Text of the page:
Foreclosure in 60085>Question Details

Selene_51, Home Seller in 60085

If a deficiency judgement is pursued by the bank, IF PMI was paid throughout the loan( up until the late payments), is the PMI responsible to pay?

Asked by Selene_51, 60085 Wed Jul 7, 2010

I purchased my codo for $132K back in 2007. As of today 7 units that never sold are on the market for $65K less than my condo, and the first forclosure in my building (26 units, 16 are either for sale, foreclosed or in a short sale) to get an offer it was for $40,400. I stopped making payments because of my whopping student loan obligation ($120K), I am almost sure that eventually I will forclose on the property due to lack of income and also the discrepancy in the property prices. If the bank forecloses and decides to go after me through a dificiency judgment, is the private mortgage insurance that I have been paying for the last 3 years responsible? Or since I did stop paying the PMI in Feb does it automatically cancel the insurance? I'm not really sure how it works? Who pays if PMI is 'supposed' to be there if i default. HELP!??

Help the community by answering this question:


PMI does not cover the owner of the property. It only insures the lender for the portion of the loan that exceeded 80 percent of the value of the property on the date you obtained the loan. If you fail to make your payments or walk away from the loan and never pay it back or if you sell the home for less than the value of the mortgage, the lender has insurance on that portion of the loan.

When you failed to make your payments your lender probably filed a claim with the PMI company. The PMI company may pay off that claim with your lender and the lender may then sell the loan to a new lender.

That new lender then has the right to collect from you the full amount owed under the loan. In some cases, if the PMI company paid off the claim, the PMI company could come after you for the repayment of the amount paid to the first lender for the PMI claim.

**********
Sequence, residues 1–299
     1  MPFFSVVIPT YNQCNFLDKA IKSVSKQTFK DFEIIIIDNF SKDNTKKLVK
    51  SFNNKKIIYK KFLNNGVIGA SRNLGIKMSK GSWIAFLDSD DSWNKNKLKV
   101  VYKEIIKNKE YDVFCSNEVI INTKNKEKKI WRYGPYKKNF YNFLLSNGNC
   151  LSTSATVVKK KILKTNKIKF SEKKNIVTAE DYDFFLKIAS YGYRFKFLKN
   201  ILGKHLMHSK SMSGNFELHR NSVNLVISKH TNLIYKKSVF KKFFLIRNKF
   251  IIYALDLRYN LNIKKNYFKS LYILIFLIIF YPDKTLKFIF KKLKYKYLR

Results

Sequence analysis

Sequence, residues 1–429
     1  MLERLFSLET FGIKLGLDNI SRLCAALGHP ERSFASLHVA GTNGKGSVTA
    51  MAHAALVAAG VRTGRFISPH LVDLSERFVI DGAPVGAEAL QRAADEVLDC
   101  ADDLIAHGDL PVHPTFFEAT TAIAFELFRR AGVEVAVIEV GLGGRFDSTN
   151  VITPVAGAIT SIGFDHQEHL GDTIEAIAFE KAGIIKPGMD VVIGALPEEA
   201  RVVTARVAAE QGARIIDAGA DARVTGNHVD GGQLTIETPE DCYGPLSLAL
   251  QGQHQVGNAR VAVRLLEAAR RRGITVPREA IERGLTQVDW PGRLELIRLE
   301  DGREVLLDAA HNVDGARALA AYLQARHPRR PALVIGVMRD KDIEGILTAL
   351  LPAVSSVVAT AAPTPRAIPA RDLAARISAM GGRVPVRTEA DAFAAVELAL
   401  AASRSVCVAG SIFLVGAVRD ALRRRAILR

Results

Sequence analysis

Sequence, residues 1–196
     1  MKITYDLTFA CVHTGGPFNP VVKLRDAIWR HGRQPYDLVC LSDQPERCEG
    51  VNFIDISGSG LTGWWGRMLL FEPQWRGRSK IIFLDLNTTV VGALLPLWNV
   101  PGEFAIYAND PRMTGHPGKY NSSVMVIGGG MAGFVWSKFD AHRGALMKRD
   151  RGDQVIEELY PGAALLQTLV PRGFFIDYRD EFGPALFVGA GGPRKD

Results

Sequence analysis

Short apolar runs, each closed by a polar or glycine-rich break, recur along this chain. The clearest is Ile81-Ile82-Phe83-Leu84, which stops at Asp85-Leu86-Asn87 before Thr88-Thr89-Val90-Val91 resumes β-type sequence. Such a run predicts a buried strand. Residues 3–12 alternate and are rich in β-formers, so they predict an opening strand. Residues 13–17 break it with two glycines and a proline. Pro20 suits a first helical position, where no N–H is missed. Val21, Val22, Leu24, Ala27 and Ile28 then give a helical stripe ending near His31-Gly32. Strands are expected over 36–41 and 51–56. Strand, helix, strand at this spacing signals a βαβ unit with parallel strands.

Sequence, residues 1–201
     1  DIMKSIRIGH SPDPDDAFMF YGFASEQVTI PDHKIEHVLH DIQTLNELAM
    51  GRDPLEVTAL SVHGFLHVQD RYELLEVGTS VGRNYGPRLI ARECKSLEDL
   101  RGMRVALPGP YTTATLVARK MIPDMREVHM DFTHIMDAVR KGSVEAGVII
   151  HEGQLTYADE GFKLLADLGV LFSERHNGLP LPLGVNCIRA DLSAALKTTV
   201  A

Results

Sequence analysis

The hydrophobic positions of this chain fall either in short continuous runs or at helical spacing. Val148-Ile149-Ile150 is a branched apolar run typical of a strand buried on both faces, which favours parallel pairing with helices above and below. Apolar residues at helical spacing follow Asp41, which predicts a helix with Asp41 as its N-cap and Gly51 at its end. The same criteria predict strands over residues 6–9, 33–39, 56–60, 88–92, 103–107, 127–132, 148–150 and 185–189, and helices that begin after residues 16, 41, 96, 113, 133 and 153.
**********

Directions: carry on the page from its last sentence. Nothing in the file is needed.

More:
There are some exceptions in which the homeowner might not have to pay the full amount of the loan back to the lender. One of these exceptions is when the borrower files bankruptcy and all or part of the loan debt is released. Every situation is different and I advise that you ask questions to all parties involved to get a complete understanding that is specific to your situation. I hope this helped. Good luck to you.
2 votes Thank Flag Link Thu Jul 8, 2010
Hi Martin-
Great Post! I saw that episode as well.
Maybe we should add a disclaimer here. News is ALWAYS sensationalized to get the readers or viewers to read or watch.

That being said, Stretegic Default is something the banks are fully aware of.
They have now changed up their processes, because of these types of transactions.

It is the "WHY" we are hearing that foreclosures are on hold, and now the sensational news about where the market is going has everyone panicking.

It is always easier to point the finger at someone else when we fall on hard times. Than it is to take credit or sometimes the blame for our own actions.

Think about it, the systems that have been put in place, have been placed there to help real people in real trouble. They were not created to help manipulate a bad situation and make it even worse.

If you are interested in knowing about the ramifications of Strategic Default, and many other processes out there for you to use, or if you have found yourself in trouble or behind in your mortgage payments. IN default of your first, second (PMI), third (Taxes) or Homeowners association, and aren't sure about what to do, please logon to either my website at:

or Martin's Website at:

For a complimentary, confidential consultation... We are here to help you!
1 vote Thank Flag Link Mon Nov 22, 2010
As a mortgage professional, I have to concur with Lisa and the others on this. I saw a 60 Minutes segment a couple of months ago about homeowners doing what is called a strategic foreclosure. This is where they are perfectly capable of making the mortgage payment, but have lost so much equity that they decide to "cut their losses", and go rent for half of what they were paying to the mortgage company.

By the time their credit clears up enough to be able to buy again, they have banked so much money that they will have a sizable down payment for the next property.

This sounds great in theory, but who do you think is walking behind the elephant down the parade route with a shovel. Yes, it is all of your neighbors. We aren't even close to the end of the mortgage meltdown, full of legitimate cases where people that did everything right, and still are, or were unable to hang onto their homes.

I hope that you find a way to make this work,

Martin Sloan